Tino Tabak

Dreams & Demons of a New Zealand Cycling Legend

“You become a professional because you're a good bike rider, of course, but it's got nothing to do with pushing that bike. It becomes a business. If you're contracted to win, you've got to win. It doesn't matter how you do it. But if you get contracted to help, then listen mate, you just help. Don't you dare win!”
Tino Tabak was one of New Zealand's brightest sporting stars when he set out to prove himself in that toughest of arenas, European road cycling. This tell-all account sets the scene for New Zealand cycle racing in the 1960s and lifts the lid on the world of professional cycling, race-fixing and performance-enhancing drugs of the late '60s early '70s.


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Now also available in a Kindle edition.

“Some people have already made up their minds about me. They say Tino did this or Tino did that. If you’re one of them, you might as well close this book right now, ‘cause you’ve already closed your mind. Just put it back down on the shelf and walk away. I’ve got no time for you.

But if you really want to know what the business of pro cycling was like in the 1970s, I can tell you. Because I’ve been through it all – from being a star of the road at the top to a pile of broken dreams at the bottom. Europe’s greatest sport can do that to you.

I’ve lapped it out with The Cannibal in the Tour de France, and I’ve struggled just for the dubious Red Lantern. I’ve beaten Holland’s best to claim their road championship title, and I’ve risked everything to win a classic, almost following Tommy Simpson’s fate. It was madness. I can say that now.”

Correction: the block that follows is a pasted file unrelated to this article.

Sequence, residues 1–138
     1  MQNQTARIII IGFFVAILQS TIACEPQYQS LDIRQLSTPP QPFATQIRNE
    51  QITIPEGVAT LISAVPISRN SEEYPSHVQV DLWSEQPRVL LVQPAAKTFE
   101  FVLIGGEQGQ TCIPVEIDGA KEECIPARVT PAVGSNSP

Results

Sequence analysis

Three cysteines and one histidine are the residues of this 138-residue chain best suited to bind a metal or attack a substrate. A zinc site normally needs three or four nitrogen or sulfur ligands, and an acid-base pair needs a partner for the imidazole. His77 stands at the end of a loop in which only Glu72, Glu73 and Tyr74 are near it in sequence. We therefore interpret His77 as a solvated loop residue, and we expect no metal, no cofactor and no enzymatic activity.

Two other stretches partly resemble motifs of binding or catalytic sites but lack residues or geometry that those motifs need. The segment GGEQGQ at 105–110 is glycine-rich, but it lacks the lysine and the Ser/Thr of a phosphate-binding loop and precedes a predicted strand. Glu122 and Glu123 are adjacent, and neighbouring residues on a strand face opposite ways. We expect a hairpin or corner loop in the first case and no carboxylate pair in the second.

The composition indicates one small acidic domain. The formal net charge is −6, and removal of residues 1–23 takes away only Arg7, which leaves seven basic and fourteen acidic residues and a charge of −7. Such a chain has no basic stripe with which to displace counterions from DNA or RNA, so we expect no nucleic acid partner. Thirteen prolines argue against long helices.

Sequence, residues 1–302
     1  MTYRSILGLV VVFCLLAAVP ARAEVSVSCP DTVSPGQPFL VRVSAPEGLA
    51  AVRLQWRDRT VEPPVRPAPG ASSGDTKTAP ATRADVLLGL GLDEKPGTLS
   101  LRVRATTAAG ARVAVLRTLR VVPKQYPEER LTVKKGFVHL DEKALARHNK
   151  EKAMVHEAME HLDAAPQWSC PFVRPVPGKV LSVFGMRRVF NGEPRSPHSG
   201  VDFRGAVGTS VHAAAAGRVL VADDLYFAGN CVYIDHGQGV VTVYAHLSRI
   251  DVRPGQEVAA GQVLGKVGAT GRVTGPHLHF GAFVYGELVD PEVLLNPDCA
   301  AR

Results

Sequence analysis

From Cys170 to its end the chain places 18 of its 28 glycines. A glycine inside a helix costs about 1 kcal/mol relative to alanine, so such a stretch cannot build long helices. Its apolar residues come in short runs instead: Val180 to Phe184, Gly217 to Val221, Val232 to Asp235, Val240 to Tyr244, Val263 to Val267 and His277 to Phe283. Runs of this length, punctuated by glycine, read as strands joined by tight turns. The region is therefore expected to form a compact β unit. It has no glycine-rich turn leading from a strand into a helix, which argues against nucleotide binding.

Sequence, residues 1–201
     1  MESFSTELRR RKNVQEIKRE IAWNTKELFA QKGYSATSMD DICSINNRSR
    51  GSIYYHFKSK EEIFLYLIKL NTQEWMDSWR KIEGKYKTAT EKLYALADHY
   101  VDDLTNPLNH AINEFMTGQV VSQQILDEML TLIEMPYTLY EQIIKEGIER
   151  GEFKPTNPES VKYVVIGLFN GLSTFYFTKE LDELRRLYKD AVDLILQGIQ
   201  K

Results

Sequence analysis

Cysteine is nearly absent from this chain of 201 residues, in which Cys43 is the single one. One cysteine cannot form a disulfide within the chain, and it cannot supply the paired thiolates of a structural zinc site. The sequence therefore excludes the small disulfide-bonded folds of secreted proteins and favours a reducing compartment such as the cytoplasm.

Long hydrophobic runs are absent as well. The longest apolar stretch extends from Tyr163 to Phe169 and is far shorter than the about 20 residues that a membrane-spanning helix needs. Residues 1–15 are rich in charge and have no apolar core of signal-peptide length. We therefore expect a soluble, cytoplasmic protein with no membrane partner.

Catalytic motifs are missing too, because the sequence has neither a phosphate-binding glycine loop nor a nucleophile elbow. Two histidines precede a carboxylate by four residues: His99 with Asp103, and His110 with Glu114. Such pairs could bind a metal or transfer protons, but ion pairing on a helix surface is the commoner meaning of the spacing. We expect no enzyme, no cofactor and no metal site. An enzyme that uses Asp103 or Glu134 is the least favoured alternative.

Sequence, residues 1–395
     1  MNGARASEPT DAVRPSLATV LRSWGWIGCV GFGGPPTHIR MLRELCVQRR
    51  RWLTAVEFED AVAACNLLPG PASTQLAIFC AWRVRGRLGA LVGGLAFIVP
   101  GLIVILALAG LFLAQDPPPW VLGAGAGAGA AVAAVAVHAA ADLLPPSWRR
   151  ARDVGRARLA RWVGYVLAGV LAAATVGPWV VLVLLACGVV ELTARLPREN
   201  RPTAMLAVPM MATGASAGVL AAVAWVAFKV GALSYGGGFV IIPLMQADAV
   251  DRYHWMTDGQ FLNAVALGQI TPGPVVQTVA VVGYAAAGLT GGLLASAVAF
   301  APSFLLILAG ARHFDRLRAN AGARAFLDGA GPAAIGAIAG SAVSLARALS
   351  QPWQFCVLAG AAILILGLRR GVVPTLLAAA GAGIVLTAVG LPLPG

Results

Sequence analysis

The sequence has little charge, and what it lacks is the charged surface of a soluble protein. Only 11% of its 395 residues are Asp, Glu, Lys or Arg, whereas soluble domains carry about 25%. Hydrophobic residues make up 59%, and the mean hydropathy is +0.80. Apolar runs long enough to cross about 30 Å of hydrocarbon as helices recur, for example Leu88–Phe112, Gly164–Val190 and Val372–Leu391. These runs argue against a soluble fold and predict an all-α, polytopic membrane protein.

Tino Tabak, 2007


  1. Nathan Burdon, Southland Times

    “I’ve rarely read a sports biography as frank and as honest as this one. This story blows most of the rugby and cricket biographies I’ve struggled through out of the water.”

  2. Ron Palenski

    “Dreams and Demons is a fascinating book that fills in the gaps on a gifted cyclist who took on the high roads of Europe, tasted success, and plumbed the deepest lows.”

  3. Alan Messenger, Sports Reporter

    “I thoroughly enjoyed it. It is a really good, well balanced and well presented story.”

  4. Trevor Mallard

    “Jonathan Kennett writes really well and the subject is fascinating. Couldn’t put it down… Really good read”

  5. Nick Jeffrey, Chief Executive, Cycling Southland

    “Congratulations on the great read…. Like the man himself in his cycling days … he certainly wasn’t afraid to go on the attack and speak his mind.”


    “Tabak is a candid subject, talking openly about the hardships of racing, the drug use within the professional peleton of the 1970s, and his own self-destructive drive to win. Kennett has captured it superbly, making for a good brisk read about what it’s like riding on the verge of brilliance – but not quite. Highly recommended.”

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